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Introduction to Health Sector Reform in China - Term Paper Example

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The author of this term paper "Introduction to Health Sector Reform in China" describes changing realities at the local level of governance in China, to be altering the foundations of financial access to the resources of healthcare. Healthcare inequality translates directly to financial inequality…
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Introduction to Health Sector Reform in China
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Download file to see previous pages With the end of the pure socialism of communal living and the financial erosion of the work-unit system in urban areas, it is more standard for individual inequalities to be the determining factor for healthcare access. (Duckett, 2007) Low-income individuals without health insurance may be able to cover a few minor medical incidents, but income inequities are likely to bring on financial insolvency, even when patients are able to pay. Where these financial inequities persist in a market with little viable insurance; the legitimate need for healthcare then becomes one more cause of poverty.
(Mackintosh 2001: 175). Though efforts are underway to re-establish a cooperative system of health financing.
By the late 1970s, the medical system in China was wedded to the over-arching government bureaucracy. Health services were just one more facet of the apparatus of administration and social control in a command economy.
A World Bank study has observed that by 1975 ‘almost all the urban population and 85 percent of the rural’ had a form of insurance that was at least able to provide the most basic of medical services, as well as cost-effective preventives, and sometimes curative treatments. This also entailed financial risks that to some extent, the population shared, in addition to the benefits in life expectancy. (World Bank 1997: 2), (World Bank 1992). In Rural regions, the 1960s and '70s saw many of these benefits in the form of vaccines and contraceptives; under the auspices of local control based upon the older system of rural communities funding the majority of their own health services. (Huang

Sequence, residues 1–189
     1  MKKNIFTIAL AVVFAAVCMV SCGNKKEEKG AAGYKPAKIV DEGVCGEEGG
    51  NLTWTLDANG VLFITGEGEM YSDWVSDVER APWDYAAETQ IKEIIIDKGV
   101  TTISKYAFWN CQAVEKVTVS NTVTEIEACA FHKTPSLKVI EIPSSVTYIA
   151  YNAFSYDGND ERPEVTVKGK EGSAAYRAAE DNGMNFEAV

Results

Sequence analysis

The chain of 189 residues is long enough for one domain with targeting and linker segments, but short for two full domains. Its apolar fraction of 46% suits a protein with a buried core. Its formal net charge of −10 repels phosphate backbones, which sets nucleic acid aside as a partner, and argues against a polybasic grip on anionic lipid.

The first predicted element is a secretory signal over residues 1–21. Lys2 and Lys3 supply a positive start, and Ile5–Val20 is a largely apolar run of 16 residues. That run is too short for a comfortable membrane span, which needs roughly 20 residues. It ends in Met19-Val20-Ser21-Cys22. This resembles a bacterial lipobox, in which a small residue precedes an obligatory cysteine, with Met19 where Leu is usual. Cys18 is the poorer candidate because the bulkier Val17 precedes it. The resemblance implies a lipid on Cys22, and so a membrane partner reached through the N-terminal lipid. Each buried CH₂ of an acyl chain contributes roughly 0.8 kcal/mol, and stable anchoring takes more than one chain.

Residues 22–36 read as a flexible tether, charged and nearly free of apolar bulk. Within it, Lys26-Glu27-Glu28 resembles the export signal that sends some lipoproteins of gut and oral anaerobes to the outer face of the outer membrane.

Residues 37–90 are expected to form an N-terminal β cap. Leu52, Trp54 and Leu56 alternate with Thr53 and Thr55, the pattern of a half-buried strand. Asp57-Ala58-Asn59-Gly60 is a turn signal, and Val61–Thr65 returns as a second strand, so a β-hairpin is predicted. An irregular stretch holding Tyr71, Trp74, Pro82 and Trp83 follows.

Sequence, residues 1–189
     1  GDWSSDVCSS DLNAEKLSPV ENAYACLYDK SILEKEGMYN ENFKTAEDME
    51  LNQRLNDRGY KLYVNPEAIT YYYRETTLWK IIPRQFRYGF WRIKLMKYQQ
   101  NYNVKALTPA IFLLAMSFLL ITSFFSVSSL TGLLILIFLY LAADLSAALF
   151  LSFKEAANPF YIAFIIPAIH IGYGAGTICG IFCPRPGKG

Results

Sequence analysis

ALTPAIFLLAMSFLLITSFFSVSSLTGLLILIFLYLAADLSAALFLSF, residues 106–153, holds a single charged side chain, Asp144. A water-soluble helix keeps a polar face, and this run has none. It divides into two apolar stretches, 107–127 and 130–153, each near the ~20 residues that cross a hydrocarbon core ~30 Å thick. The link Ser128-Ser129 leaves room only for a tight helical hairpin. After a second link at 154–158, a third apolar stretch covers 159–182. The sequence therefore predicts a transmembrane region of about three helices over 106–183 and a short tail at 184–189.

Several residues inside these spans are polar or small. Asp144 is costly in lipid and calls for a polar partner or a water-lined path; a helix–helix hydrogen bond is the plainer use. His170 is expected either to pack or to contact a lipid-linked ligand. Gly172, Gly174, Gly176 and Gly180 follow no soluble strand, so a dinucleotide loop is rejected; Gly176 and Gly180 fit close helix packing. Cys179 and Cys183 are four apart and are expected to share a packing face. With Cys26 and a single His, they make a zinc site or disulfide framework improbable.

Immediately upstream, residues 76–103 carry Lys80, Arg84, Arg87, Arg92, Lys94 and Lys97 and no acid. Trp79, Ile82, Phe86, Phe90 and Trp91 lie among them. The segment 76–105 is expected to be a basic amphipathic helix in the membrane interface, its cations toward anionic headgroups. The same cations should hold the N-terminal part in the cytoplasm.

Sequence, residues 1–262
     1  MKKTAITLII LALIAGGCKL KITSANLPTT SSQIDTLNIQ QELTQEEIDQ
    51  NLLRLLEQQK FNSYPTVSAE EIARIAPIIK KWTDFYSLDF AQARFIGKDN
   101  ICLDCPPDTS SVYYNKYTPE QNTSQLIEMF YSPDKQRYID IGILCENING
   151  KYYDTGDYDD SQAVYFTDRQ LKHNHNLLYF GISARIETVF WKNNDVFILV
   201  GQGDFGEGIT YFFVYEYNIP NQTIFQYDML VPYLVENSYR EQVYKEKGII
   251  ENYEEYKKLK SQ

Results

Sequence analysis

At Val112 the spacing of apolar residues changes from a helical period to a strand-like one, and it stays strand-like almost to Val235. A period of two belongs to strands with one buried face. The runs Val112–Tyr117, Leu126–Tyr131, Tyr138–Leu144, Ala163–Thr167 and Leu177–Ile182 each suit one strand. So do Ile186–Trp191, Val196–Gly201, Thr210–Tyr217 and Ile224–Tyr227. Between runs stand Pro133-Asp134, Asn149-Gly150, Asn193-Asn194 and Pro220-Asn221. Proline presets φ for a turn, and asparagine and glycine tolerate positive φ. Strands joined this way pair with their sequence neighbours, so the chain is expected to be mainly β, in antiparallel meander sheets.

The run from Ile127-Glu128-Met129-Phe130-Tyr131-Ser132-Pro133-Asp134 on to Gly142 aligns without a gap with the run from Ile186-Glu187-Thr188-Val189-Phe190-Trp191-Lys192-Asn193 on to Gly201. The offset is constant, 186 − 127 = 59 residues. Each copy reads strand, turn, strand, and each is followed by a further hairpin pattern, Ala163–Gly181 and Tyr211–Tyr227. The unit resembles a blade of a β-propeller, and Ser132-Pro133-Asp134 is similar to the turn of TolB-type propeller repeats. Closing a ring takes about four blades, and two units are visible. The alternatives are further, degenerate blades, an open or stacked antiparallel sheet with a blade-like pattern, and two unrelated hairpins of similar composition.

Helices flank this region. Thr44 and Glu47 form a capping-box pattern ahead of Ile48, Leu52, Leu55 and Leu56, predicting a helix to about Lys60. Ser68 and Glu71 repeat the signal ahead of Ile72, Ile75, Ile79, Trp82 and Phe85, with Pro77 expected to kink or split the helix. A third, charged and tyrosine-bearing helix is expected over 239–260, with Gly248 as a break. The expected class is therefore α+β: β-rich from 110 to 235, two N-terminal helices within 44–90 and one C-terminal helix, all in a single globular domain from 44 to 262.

1988; Kan 1990:42).
Under the older system, rural areas typically had a three-tiered system of regional organization was responsible for the administration of health services. There were hospitals at the county level, Health centers for communes that could provide referral services and the supervision of preventative treatments; and the communes. Individual village/communes had health stations staffed by rural practitioners sometimes known as ‘barefoot doctors’ (Bloom & Gu 1997).
These local-level commune health centers would report to the district commune-management communist party committee. The next step above them in medical matters was the county-level general hospital, for a higher level of technical support and supervision. But all of these institutions were under the auspices of a county health bureau, for the purpose of administration, rather than the actual treatment. The intent was to bring new dimensions of health-care to rural areas previously bereft of them in years before.
Attempts were made in the late '60s and '70s, what might be termed the late Mao era, to introduce an apparatus of collective funding, similar to health insurance programs to better assist the rural health-system for most villages. And for many rural residents, this at least improved physical access to health services. For jurisdictional purposes, the insurance-like policies were integrated into the bureaucracy of agricultural production and social services. (Liu et al. 1999: 1354). In rare cases, similar to the SARS phenomenon of 2003, doses of Central funding was injected into the rural system, for the purpose of widespread vaccination. Typically, under the older structure, the smaller, rural systems were funded by local commune welfare funds that often tapped household donations. ...Download file to see next pagesRead More
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